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Sepsis Amputation - Can I Claim?

Sepsis Amputation - Can I Claim?

If sepsis is not treated in time the tissue and muscle can become gangrenous. For some patients the gangrene will be so extensive that an amputation is necessary.

If you have undergone an amputation after developing sepsis, you need to find out whether poor medical care is to blame. A solicitor who works in medical negligence (also called clinical negligence) will be able to tell you if you are entitled to compensation for the life-changing injuries you have experienced.

For more information on claiming compensation for an amputation, please get in touch with us at Glynns Solicitors. We are experts in medical negligence law and offer everyone a free initial enquiry. During this consultation we will advise you upon your legal options, suggesting if you are in a position to take legal action.

Why do some people have an amputation after having sepsis?

To understand how sepsis could potentially lead to an amputation, it is necessary to understand what sepsis is and how it affects the body.

What is sepsis?

Sepsis is when an infection gets into the bloodstream and travels around the body in the blood. The body's immune system will kick in, as it normally does when an infection is present.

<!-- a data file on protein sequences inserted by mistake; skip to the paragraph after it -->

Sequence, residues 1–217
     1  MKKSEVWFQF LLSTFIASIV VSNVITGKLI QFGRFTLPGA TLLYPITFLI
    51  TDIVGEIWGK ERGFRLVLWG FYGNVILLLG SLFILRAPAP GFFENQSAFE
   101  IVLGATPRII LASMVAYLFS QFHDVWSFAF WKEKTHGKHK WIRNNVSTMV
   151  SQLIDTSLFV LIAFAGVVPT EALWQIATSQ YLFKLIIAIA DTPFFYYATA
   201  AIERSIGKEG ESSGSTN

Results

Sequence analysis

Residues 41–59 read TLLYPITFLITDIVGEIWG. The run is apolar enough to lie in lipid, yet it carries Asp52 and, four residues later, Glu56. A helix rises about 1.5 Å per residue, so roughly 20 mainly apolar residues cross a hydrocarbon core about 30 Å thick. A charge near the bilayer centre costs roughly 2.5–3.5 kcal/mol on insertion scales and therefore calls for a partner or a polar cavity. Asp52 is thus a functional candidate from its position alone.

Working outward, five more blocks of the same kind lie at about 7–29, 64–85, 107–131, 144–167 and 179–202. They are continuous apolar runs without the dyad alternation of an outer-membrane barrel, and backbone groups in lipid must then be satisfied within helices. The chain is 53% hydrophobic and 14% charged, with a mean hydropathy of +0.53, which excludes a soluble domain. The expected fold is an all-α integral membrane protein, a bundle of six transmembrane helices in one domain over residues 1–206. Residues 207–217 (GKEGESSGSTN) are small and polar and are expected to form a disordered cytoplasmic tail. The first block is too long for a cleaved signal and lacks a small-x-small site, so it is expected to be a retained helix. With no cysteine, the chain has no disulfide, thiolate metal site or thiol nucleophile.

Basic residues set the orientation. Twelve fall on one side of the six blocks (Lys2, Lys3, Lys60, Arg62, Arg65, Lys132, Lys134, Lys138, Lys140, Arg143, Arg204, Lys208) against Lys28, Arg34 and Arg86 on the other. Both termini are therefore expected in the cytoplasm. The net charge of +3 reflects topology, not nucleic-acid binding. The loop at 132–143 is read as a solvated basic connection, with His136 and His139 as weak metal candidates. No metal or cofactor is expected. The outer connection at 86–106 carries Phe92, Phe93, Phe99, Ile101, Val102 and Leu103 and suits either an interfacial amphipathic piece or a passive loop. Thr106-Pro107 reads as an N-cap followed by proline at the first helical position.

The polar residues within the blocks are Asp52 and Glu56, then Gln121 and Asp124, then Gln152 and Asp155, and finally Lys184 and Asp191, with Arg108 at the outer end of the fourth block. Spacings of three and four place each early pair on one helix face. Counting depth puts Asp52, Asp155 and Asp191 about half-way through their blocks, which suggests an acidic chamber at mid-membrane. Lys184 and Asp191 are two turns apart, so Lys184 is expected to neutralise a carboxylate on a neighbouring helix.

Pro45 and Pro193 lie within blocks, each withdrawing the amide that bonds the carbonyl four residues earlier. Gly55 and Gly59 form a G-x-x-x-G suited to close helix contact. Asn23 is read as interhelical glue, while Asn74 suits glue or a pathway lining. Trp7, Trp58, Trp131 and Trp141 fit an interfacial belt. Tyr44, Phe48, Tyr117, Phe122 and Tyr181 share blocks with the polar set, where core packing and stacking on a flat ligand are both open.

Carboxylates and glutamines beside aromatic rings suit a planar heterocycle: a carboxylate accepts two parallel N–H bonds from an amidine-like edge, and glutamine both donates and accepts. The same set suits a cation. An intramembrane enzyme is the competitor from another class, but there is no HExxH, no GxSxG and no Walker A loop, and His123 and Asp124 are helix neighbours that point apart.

Ordinarily the immune system will send white blood cells to the site of infection to fight off the bacteria. This can cause inflammation in the affected area. However, this side effect can result in serious problems where sepsis is concerned. This is because the bacteria will have spread across the body. The body's immune system therefore works overtime, attempting to fight the infection on all fronts. This will lead to inflammation across the body, as well as widespread clotting.

Disrupted blood supply and tissue death

Both the inflammation and the clotting are very unfortunate consequences of the immune system's response to the infection. Indeed, it will make it difficult for the blood to flow through the blood vessels normally, as they will be blocked with clots and inflamed tissue.

The blood plays a very important role because it carries oxygen and nutrients to the tissue and carries waste products away. Thus when the blood flow is disrupted by sepsis, the tissue will not receive enough oxygen and there will be a build-up of waste products.

When the tissue is deprived of oxygen in this way, it will quickly begin to break down and die. This is called gangrene. The tissue will change colour, turning dark red to purple/black. An open wound will also develop as more and more tissue dies.

Sepsis and amputation

The dead tissue cannot be restored. Furthermore, it can cause the infection to spread further. Consequently a surgeon will need to surgically remove all the dead tissue, as this is the only way to rid a patient of disease.